laptops, our smartphones, our video game controllers, our remotes, and anything we use that is now wireless. But the one thing wrong with batteries in today's world is that they are finite. Eventually, they will run out of power and there's not a whole lot we can do about that. Or is there?
Researchers have recently developed a new material for a basic battery component that, according to them, will allow almost any battery indefinite power storage. This new material, known as a solid electrolyte, could increase battery life as well as battery storage capacity and safety as liquid electrolytes are the leading cause of battery fires.
The standard lithium-ion batteries that we use today use a liquid electrolyte. This liquid electrolyte is an organic solvent that has been known to overheat and cause fires in things like cars, commercial airliners and even smartphones. With a solid electrolyte, there is absolutely no safety problem whatsoever.
According to Gerbrand Ceder, a professor of materials science and engineering at MIT and one of the main researchers on the project, "You could throw it against the wall, drive a nail through it - there's nothing there to burn." In addition to that, a solid-state electrolyte will have virtually no degradation, which means that such batteries could last through "hundreds of thousands of cycles," Ceder continued.
Organic electrolytes also have limited electrochemical stability, which means that they lose their ability to produce an electrical charge over time. In addition to MIT, scientists from the Samsung Advanced Institute of Technology, the University of California at San Diego and the University of Maryland also conducted research on the project.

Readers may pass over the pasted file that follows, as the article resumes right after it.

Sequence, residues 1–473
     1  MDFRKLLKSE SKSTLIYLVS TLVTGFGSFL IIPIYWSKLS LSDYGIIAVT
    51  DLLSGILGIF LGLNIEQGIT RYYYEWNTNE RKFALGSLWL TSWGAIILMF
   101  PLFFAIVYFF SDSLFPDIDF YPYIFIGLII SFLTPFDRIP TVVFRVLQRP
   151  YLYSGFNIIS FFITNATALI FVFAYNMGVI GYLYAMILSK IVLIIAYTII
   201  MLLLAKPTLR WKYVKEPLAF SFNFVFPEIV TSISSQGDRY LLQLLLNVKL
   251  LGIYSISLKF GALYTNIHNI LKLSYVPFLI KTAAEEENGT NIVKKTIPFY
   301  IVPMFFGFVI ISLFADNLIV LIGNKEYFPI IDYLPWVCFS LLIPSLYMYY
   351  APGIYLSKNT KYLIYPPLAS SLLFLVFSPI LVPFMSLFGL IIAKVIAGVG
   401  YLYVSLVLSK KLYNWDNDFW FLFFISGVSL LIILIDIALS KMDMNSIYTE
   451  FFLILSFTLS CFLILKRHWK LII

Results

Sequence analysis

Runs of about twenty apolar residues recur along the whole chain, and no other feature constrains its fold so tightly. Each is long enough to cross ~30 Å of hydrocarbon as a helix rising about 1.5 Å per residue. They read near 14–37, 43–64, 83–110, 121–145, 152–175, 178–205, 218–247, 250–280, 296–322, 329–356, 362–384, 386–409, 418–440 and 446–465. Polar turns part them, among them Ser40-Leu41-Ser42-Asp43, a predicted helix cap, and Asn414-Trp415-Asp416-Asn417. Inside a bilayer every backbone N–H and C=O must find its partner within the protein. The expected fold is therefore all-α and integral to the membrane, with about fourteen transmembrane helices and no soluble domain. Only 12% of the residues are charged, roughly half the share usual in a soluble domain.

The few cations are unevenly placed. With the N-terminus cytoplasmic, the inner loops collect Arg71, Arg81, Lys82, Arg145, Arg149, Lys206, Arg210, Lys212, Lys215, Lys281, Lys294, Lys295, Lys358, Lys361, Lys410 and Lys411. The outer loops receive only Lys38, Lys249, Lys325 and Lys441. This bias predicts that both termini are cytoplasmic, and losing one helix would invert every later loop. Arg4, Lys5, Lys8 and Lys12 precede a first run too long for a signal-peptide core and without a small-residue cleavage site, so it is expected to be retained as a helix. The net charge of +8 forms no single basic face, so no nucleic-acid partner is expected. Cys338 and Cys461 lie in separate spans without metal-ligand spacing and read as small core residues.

The findings were published in the peer-reviewed journal Nature Materials and the researchers described the solid-state electrolytes as an improvement over the current lithium-ion batteries we are using today. Electrolytes are one of three main components in a battery along with anode and cathode terminals.
The electrolyte component of the battery separates the battery's positive cathode and negative anode terminals while allowing the flow of ions between terminals. A chemical reaction then takes place between the two terminals, producing an electric current.
Previous problems with solid electrolytes are that they were incapable of conducting ions fast enough to be efficient energy, producers. The team of researchers from MIT and Samsung say that they have overcome that problem. Another advantage of a solid-state lithium-ion battery is that it can perform under very cold temperatures with Ceder calling this breakthrough "a real game-changer" that creates an "almost perfect battery".
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